Leatherhead Operatic Society left the audience laughing and cheering with its production of Little Shop of Horrors at Epsom Playhouse, a musical comedy directed by John Harries, choreographed by Louise E Wilson and musically directed by Sam Fisher, based on the 1982 off-Broadway musical of the same name.
A failing flower shop on skid-row run by Mr Mushnik (Ben Horseburgh) is almost at the point of closing due to a lack of clientele. A Venus flytrap-looking plant, (Toby James) mysteriously appears during a total eclipse of the sun, attracting Seymour (Daniel Burns) to purchase it and name it after his love interest (played by Ellie-Claire King). This plant, however, is not an ordinary plant – it speaks, sings and lives on human blood and flesh, bringing new customers and, along with that, money and a name.
At first, Seymour can sustain Audrey II with his own blood, but this won’t be enough for the ravenous plant who promises Seymour his desires, a success story that could be “bigger than hula hoops”. What is Audrey II’s goal?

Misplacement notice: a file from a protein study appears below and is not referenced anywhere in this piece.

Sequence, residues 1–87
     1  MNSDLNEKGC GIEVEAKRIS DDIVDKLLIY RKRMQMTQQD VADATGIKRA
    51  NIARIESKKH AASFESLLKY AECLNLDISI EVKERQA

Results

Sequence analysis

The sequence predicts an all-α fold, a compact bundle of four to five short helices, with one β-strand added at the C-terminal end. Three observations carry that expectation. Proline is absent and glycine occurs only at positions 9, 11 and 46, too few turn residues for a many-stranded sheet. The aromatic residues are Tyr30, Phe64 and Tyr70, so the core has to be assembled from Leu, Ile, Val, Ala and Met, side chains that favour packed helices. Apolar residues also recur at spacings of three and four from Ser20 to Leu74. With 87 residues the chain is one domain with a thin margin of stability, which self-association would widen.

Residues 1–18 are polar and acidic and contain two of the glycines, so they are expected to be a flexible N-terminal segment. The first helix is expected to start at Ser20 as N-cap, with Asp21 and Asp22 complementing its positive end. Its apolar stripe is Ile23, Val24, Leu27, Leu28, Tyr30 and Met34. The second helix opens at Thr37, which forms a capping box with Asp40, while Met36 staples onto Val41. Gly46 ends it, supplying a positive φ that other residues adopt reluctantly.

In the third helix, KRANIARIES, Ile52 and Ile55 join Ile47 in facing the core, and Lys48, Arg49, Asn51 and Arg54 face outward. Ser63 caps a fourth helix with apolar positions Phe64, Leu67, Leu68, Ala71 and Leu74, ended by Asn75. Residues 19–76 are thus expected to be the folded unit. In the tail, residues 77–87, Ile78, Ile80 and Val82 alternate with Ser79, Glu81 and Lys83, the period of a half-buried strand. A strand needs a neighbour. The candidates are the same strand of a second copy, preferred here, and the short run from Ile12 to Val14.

This is not the only question of morality that echoes throughout the performance: how far would you go for love? Or fame, or wealth? And should you feed the sadist-dentist boyfriend of your love interest to your human-consuming plant in order to keep it growing and attract customers? The story ultimately examines the extent to which individuals (Seymour, specifically) will go in order to be successful.
The cast’s performance is remarkable and leaves you questioning what you would’ve done in Seymour’s situation, with each character forcing the audience into an empathetic view of the situation. And for those who are already familiar with the story, a different ending to the 1986 adaptation of Little Shop of Horrors alongside the stellar performances makes it worth experiencing again.
The opening night on Wednesday 23rd November was a resounding success, and the show will continue throughout the rest of the week. The performance will run until the matinée show at 2:30 pm on Saturday 26th November.